Flyaway lovebird befriends Portsmouth painter and decorator Dean
AÂ painter and decorator has discovered why lovebird parrots deserve their name - after a lost pet refuses to leave his side, even when he's in bed. Â
Dean Zammit, 36, discovered the bird after hearing screams from his neighbour's garden.
'˜It was about 8.30pm and my neighbours were having a barbecue,' he said. '˜All of a sudden I heard screams - I went over and a parrot had fallen out of a tree. It flew straight over to me and perched on my shoulder. It was still on my shoulder four hours later. It hadn't budged.'
The bird, believed to be a lovebird parrot, has shown nothing but affection for its new owner since they found each other two weeks ago.
'˜Whenever I'm in the house it will fly straight to me - it snuggles up to me, sleeps under my chin, rubs my face. The other night I had a nightmare getting it back in the cage I bought, so I had to let it sleep next to me. Luckily, I didn't have any droppings on me in the morning.'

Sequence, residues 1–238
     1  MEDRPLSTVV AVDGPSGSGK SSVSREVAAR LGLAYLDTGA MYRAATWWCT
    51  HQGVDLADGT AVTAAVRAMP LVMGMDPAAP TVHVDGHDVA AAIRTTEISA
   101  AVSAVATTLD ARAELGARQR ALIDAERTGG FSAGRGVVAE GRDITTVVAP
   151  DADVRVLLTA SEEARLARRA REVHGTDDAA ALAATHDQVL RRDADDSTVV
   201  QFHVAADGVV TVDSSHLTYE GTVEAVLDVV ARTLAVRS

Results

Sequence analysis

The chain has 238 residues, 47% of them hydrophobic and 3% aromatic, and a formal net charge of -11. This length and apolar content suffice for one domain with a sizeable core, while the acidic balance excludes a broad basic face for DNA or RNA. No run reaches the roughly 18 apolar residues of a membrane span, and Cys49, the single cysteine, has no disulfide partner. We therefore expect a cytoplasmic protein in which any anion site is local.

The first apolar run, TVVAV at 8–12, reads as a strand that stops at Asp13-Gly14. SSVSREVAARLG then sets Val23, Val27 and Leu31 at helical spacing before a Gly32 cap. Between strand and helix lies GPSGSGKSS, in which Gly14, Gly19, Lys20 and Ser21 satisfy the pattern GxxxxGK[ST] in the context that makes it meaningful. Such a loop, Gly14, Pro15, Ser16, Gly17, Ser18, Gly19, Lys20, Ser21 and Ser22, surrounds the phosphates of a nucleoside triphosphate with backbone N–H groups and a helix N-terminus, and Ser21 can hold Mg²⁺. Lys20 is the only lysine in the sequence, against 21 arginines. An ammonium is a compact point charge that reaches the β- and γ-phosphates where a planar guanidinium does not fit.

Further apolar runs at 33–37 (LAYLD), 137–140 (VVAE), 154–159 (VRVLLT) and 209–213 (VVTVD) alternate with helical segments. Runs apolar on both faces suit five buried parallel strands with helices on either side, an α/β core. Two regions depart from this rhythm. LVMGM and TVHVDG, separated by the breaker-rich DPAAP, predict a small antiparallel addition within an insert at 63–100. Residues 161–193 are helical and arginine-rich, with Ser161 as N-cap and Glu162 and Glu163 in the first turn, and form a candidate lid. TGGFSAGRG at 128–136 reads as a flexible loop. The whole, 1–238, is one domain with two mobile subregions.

Lovebird parrots are named for their strong, monogamous relationships - usually with other parrots.
'˜I thought it might have been interested in my beard, but nothing changed after I shaved it off,' said Dean
Dean, who lives in Buckland, found the parrot in good health, although slightly scruffy looking with long nails and a blunt beak. Suspecting it is a lost pet, Dean has taken the parrot to a local pet shop to see if it had been reported missing, and he hopes to find the owner eventually.
'˜My mum kept parrots. She passed away a couple of years ago, so I like to think it's a sign from my mum. If no one claims it, I'll keep it and name it Mary - after my mum.'